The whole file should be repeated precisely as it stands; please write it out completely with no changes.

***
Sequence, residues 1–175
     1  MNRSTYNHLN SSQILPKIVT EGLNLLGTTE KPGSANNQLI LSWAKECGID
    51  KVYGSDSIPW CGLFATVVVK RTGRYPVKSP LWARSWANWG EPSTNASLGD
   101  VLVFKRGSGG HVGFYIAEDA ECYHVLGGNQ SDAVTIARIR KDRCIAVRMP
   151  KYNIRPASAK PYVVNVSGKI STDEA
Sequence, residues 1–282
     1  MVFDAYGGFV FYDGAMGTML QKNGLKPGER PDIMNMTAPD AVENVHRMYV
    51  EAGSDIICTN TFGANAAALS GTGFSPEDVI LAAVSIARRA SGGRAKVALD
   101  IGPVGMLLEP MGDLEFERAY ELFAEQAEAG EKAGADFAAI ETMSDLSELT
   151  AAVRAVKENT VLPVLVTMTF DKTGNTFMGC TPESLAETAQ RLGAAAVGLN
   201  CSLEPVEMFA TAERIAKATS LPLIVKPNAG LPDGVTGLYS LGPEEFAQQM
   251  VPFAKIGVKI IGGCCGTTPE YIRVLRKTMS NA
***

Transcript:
Sequence, residues 1–175
     1  MNRSTYNHLN SSQILPKIVT EGLNLLGTTE KPGSANNQLI LSWAKECGID
    51  KVYGSDSIPW CGLFATVVVK RTGRYPVKSP LWARSWANWG EPSTNASLGD
   101  VLVFKRGSGG HVGFYIAEDA ECYHVLGGNQ SDAVTIARIR KDRCIAVRMP
   151  KYNIRPASAK PYVVNVSGKI STDEA
Sequence, residues 1–282
     1  MVFDAYGGFV FYDGAMGTML QKNGLKPGER PDIMNMTAPD AVENVHRMYV
    51  EAGSDIICTN TFGANAAALS GTGFSPEDVI LAAVSIARRA SGGRAKVALD
   101  IGPVGMLLEP MGDLEFERAY ELFAEQAEAG EKAGADFAAI ETMSDLSELT
   151  AAVRAVKENT VLPVLVTMTF DKTGNTFMGC TPESLAETAQ RLGAAAVGLN
   201  CSLEPVEMFA TAERIAKATS LPLIVKPNAG LPDGVTGLYS LGPEEFAQQM
   251  VPFAKIGVKI IGGCCGTTPE YIRVLRKTMS NA